Power to forgive

“For the sake of his sorrowful passion, have mercy on ISIS and on the whole world.”

Christina Shabo, 25, said these words from the main stage of the Knights of Columbus-sponsored Mercy Centre, held at Tauron Arena, which played host to 20,000 English-speaking pilgrims at World Youth Day in Poland. A refugee from Iraq who was born in a refugee camp in Turkey, she was the living embodiment of recent headlines and the Year of Mercy in flesh and blood to her contemporaries.

Talking with her after the event, I encountered the best kind of witness: an honest one. When she got to Krakow from Detroit, where her parents raised her, it was suggested she talk about forgiveness. She didn’t know if she could, admitting that forgiving the terrorist group known as the Islamic State is not something that comes easy for her. She’s had family members killed by Islamic militants, and anger and resentment are no strangers to her.

Have you heard “fake it until you make it?” she asks. That was her approach: take the anger to Jesus. He worked with her, on her.

This prayer she prayed — “For the sake of his sorrowful passion, have mercy on ISIS and on the whole world” — is obviously adjusted from the Divine Mercy Chaplet that was given to St. Faustina in Krakow. Shabo said it was an inspiration given to her when praying before the Blessed Sacrament.

So she prayed it.

“Slowly, he did soften my heart, and kind of transform me.”

She prayed — and continues to — for those who do evil in the land her parents fled on dangerous roads while her mother was pregnant with her. She considers herself a “miracle baby.” Her young cousin, Rita, about 6 or 7 years old, she says, died on the journey from Iraq to Turkey, along with others.

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Her uncle refused to bury Rita on the road and instead carried her body with them until they could have a more respectful burial.

And she reflects in gratitude: “Nothing good comes out of” anger. Transformed into “mercy and forgiveness,” on the other hand, “you see how fruitful that can be, even for yourself” and you find, she says, “you can’t stop doing it.”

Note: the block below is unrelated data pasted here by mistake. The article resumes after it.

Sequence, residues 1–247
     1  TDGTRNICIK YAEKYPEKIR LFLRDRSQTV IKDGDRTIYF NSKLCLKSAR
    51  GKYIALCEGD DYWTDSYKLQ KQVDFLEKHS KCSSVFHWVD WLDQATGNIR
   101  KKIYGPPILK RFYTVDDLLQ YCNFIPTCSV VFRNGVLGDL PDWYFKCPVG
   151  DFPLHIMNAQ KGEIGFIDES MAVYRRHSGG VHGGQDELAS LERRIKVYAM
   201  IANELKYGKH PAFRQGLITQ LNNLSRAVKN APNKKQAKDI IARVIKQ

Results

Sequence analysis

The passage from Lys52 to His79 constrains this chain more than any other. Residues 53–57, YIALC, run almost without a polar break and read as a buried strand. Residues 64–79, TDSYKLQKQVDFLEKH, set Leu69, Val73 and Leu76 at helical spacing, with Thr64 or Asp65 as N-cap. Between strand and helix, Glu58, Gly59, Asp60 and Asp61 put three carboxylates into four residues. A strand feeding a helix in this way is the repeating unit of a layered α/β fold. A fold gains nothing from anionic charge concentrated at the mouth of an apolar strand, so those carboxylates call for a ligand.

The onstage testimony was a semi-last-minute development, and she hadn’t quite had the opportunity to think through the reality of speaking to so many. Where she really wanted to go to this summer was Iraq. Shabo does trauma counseling back in Detroit.

“I know how hurt and broken people can feel when they’re going through a crisis. And these peoples’ lives have been a crisis for the last two years. So its hard not to feel that I can take what I have and help them, because I’ve been blessed.”

She adds, “I feel like because that happened that I need to take what God has given me and give back to them.”

But her father was much more into Krakow than Iraq this summer. Her consolation was running into young pilgrims from Iraq who gave her an Iraqi flag. During our interview, she holds it tenderly while she clutches a pearl rosary from the Knights of Columbus. She had left hers back home, and a Sister of Life at the Mercy Centre had provided this one for her to use as a prayer aid and confidence builder.

“God works,” she says, in prayer.

And so she asks us to join her in praying for conversion from evil.

Whatever you think you’re powerless in the face of, remember this.

Take her word for it.

Trust God.

Kathryn Jean Lopez is editor-at-large of National Review Online and co-author of “How to Defend the Faith Without Raising Your Voice” (OSV, $17.95).